According to everything we’ve heard, 2018 will be the year that 5G stops being a distantly-whispered myth and starts becoming reality. The standards for 5G have been agreed by the telecoms industry, chip manufacturers have announced when their modems will become available, and the networks are bickering about whose ad campaign is working the best. In short, everything’s going just as we expected.
But AT&T has been working to push its timeline just that little bit faster than everyone else, and as of today, we have our first concrete promise: Atlanta, Dallas and Waco, Texas, will be the first of 12 markets that should get AT&T’s mobile 5G by the end of the year. Although we’ve had promises about 5G trials coming soon, these are the first cities to be promised real, mobile 5G by the end of the year.
AT&T’s milestone is only a milestone if you understand the debate surrounding what constitutes “real” 5G. The answer is different depending on who you listen to, but AT&T’s rollout of 5G in Atlanta, Dallas, and Waco meets two important criteria: It’s compatible with the 5G NR standard agreed upon by the industry, which means theoretically any 5G-compatible device will work on the network; and it’s designed to work with portable mobile devices, rather than supplying home internet to houses along a street.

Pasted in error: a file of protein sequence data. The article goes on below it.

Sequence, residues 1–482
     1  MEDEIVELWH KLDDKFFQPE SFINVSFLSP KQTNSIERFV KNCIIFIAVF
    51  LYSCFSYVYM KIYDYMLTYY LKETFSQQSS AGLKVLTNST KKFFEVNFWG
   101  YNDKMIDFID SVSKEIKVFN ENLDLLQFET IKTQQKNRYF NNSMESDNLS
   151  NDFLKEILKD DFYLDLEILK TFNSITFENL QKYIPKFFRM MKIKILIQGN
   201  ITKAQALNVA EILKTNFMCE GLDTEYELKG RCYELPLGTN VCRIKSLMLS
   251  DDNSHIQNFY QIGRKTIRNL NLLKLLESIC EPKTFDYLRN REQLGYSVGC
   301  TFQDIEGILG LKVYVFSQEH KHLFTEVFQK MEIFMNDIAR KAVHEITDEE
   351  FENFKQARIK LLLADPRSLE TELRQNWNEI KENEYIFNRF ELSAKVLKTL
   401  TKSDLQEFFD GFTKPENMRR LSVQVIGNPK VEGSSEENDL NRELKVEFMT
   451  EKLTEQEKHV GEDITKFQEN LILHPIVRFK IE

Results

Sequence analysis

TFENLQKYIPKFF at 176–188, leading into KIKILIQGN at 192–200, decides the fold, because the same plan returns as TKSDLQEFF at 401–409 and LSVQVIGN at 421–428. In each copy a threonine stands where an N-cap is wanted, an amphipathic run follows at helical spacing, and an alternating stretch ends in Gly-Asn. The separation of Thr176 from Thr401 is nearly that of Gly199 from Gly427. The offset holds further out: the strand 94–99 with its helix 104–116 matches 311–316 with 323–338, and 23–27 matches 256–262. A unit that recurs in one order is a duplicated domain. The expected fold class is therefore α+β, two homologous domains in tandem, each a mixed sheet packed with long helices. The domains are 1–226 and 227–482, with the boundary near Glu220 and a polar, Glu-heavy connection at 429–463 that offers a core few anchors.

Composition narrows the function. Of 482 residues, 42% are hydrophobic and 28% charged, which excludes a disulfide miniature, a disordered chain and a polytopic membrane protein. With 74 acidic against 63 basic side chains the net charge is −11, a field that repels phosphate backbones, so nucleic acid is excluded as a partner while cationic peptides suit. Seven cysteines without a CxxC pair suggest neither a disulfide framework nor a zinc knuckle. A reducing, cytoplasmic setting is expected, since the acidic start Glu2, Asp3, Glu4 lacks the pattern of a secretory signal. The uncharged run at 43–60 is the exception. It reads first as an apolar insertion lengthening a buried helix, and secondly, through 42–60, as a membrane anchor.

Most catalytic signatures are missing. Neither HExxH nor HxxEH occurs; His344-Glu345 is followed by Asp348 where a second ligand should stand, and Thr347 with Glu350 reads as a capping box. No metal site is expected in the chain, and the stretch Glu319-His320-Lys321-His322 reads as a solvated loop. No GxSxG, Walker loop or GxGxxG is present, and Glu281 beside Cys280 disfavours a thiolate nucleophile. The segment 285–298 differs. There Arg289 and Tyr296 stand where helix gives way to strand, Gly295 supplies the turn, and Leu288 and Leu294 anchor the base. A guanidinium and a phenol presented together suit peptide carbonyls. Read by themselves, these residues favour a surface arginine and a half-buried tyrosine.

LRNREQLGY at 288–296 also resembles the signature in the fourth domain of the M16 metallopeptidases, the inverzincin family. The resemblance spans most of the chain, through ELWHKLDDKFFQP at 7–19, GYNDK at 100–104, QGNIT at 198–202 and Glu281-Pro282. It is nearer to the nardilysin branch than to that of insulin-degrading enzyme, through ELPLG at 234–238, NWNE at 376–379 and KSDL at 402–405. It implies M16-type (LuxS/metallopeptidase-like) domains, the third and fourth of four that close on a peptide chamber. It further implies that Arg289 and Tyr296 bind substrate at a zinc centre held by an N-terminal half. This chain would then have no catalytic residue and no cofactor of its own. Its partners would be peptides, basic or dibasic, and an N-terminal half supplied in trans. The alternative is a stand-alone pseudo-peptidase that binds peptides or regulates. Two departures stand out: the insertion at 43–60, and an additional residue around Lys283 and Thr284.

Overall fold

The 5G that AT&T is rolling out this year will only use millimeter-wave spectrum, which means that it will function very differently to our current LTE cell networks. Millimeter-wave spectrum only works in nearby, mostly line-of-sight applications, which means you’ll have to be standing close to a 5G access point to get a signal. Millimeter-wave spectrum will be the magic that will make 5G networks so much faster than existing LTE networks, but it will have to be paired with lower-band spectrum (like that used by existing cell networks) to make a truly nationwide 5G network. At launch, AT&T’s system will seem more like a very fast Wi-Fi network than a replacement for cell networks.
The devices available at launch will also be limited. We don’t know for sure yet, but industry figures have suggested that the first 5G devices will be hotspots, rather than mobile devices. Qualcomm has announced its first 5G modem that will go in smartphones, but devices aren’t expected until 2019.
“After significantly contributing to the first phase of 5G standards, conducting multi-city trials, and literally transforming our network for the future, we’re planning to be the first carrier to deliver standards-based mobile 5G – and do it much sooner than most people thought possible,” said Igal Elbaz, senior vice president, Wireless Network Architecture and Design. “Our mobile 5G firsts will put our customers in the middle of it all.”